What about in your community of young oncologists? Is this something that you speak about? Is it a concern, and do you try to find some initiatives in order to change this imbalance?

Susana Banerjee, MD: It is a very important topic for young oncologists. As you pointed out, the number of women who are studying oncology is increasing. This is true internationally and certainly in Europe and in the United Kingdom. It is very important that we support women through training and the early years of their careers as specialists and to carry this through going forward. I anticipate that the problems are not only for trainees or young oncologists, but, unfortunately, it may carry through to more senior individuals who are women.

We are going to have more women, and we currently provide training in oncology. But what are really important are the actual leadership roles: being on the podium, presenting data, and being chief investigators and principal investigators of trials. We need to be better represented. I'm not sure why that's not necessarily the case. What I very much hope is that as there are increasing numbers of women oncologists, I hope that they are given those opportunities and that they embrace those opportunities. Even though there may be more women, we might still be in a situation where the people in charge are men. We need to work together as a community of women, working with men, to see how we can address this.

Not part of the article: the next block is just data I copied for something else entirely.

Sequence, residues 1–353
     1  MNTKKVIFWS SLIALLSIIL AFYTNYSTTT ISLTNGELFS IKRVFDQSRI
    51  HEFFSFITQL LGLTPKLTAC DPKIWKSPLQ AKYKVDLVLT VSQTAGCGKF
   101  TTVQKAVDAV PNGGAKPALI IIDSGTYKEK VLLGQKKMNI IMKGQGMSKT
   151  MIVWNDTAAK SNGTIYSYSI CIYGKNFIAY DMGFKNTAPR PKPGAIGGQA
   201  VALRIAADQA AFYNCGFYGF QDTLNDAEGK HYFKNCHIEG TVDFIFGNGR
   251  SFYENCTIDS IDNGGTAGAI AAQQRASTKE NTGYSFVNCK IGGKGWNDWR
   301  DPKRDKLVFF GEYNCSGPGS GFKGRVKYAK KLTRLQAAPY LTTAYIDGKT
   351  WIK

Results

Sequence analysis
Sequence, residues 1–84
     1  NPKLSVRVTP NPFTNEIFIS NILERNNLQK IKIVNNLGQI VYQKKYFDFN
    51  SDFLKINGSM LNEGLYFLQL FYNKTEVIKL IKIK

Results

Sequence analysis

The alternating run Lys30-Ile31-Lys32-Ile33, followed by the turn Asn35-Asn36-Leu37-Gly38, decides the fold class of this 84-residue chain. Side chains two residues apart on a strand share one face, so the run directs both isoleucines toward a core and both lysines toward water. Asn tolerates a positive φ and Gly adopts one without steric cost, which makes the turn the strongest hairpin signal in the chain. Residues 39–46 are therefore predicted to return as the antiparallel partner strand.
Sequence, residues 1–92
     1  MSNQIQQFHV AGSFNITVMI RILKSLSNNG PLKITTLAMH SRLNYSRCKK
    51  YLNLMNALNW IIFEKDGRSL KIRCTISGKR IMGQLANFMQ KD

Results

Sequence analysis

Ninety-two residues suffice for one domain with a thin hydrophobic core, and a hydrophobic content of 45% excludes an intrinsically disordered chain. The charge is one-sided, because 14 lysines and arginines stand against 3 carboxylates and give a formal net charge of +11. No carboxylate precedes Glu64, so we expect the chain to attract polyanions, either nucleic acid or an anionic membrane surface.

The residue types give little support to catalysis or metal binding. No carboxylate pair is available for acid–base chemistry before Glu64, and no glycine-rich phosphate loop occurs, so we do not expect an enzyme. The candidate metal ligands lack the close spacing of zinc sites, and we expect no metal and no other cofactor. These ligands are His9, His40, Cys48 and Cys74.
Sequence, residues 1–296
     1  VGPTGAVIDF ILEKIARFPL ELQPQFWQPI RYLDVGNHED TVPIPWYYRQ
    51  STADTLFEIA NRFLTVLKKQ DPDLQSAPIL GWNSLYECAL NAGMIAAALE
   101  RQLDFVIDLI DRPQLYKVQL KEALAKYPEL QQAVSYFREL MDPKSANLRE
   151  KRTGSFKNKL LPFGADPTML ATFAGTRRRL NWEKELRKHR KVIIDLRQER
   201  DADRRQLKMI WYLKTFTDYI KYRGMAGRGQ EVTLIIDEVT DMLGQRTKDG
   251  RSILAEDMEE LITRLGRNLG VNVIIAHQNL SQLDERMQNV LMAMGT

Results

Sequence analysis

Survey: Male Oncologists Make Most of the Decisions

Dr Peters: There is very clearly a discrepancy. In a 2013 ESMO survey,[3] women oncologists were asked about the composition of their work force environment. They all said that the majority of their collaborators in oncology are women. But, when they were asked who makes the decisions about strategy, treatment, and so on, almost all of them answered that it is a man. Maybe it's the same situation with speakers.

It is very important to help women become leaders who are considered equal to male leaders. The leadership roles are still a bit lacking in representation from women.

We have leadership programs in ESMO. We are starting a very specific one, trying to identify the leaders of tomorrow. Fifteen young oncologists or caregivers or researchers per year are brought in to be trained as leaders. We want half of the people in that program to be women. But is that enough? Do you think doing that will be enough, or do you think we should also educate these leaders about this gender question? What do you think?

Dr Banerjee: I think that we as women need to do more for ourselves as a community. But we also need to educate men about these gender issues and potentially address them. It's important to educate the men as well as the women.

I think that many of us women need to be more confident and feel that we can do these tasks and do them very well, at least equally if not better. That's what we need to do. We also need to include men in these leadership programs and sessions, acknowledging the problems, issues, or challenges that women have.